The Atlantic Daily: American Office Life Is Poised for a Comeback

What did last year’s great forced-remote-work experiment teach us about the future of white-collar jobs?

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White-collar employees’ great forced-remote-work experiment is drawing to an end. Bosses are sounding their managerial bugles, warning the privileged work-from-home class that, in the coming months, they may need to pack up their laptop and return to their cubicle.

So, what did last year’s inadvertent workplace stress-test teach us about the future of the American office? And, more to the point, how on earth are we going to dress for our first in-person meeting?


One question, answered: An anonymous reader says their son’s school is full of cheats. Abby Freireich and Brian Platzer respond in our latest “Homeroom” column:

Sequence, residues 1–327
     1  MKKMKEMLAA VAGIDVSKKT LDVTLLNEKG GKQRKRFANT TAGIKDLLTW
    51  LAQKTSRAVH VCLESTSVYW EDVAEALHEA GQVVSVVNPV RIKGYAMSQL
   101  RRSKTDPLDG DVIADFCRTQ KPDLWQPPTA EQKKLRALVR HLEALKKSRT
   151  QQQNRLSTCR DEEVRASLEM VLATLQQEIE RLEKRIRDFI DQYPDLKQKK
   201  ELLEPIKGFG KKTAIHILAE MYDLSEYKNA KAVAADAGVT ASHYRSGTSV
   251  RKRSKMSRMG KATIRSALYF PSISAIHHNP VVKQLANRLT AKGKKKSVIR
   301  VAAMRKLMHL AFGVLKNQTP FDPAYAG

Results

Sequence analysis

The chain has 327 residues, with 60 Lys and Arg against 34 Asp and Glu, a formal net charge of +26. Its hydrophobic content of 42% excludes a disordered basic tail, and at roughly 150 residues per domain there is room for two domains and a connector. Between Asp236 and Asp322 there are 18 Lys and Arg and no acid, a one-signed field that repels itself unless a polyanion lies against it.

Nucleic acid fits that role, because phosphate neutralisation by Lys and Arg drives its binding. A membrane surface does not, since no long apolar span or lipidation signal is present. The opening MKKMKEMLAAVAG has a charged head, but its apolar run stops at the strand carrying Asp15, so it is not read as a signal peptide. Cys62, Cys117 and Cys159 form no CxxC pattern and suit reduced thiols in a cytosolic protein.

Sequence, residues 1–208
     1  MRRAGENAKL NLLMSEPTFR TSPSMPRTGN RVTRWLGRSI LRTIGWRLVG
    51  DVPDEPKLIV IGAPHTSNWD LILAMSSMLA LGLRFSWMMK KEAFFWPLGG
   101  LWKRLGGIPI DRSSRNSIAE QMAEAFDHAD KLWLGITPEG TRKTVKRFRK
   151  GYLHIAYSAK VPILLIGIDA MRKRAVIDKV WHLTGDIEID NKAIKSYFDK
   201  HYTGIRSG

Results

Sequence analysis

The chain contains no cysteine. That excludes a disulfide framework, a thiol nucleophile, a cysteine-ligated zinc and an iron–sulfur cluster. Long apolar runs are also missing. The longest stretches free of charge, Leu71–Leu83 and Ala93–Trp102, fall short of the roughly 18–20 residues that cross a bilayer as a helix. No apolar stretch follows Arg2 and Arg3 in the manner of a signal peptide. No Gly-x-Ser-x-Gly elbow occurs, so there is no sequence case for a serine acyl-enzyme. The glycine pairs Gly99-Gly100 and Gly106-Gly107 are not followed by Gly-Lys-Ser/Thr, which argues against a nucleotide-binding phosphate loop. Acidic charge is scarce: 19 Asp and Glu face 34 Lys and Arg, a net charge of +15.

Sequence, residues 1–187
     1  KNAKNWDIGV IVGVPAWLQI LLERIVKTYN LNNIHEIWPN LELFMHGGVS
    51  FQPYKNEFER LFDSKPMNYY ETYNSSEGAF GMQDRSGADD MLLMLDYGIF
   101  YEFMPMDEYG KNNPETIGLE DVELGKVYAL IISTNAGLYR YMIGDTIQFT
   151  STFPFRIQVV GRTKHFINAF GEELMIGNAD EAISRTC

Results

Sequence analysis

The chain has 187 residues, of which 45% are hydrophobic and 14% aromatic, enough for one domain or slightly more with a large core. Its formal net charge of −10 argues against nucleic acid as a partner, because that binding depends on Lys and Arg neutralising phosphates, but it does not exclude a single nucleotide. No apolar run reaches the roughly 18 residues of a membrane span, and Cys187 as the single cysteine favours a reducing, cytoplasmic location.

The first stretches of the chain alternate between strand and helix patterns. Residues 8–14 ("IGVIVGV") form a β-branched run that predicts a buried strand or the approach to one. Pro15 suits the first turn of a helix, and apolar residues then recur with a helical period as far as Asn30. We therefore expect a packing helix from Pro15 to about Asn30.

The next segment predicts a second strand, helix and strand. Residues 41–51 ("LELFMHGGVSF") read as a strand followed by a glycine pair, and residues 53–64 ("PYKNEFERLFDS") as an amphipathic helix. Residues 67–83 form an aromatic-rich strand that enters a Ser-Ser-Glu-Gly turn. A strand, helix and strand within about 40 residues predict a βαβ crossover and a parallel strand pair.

Encouraging your son’s school to uphold academic integrity will not only protect him and benefit the school; it will also serve the best interests of the students who are cheating.

Keep reading. Every Tuesday, Abby and Brian take questions from readers about their kids’ education. Have one? Email them at homeroom@theatlantic.com.

Tonight’s Atlantic-approved activity:

Read a poem: We recommend José Olivarez’s “Ode to Tortillas.”

A break from the news:

Stacey Abrams, best known for her political organizing, talks about her career as a novelist—and discusses what politics and writing have in common


Every weekday evening, our editors guide you through the biggest stories of the day, help you discover new ideas, and surprise you with moments of delight. Subscribe to get this delivered to your inbox.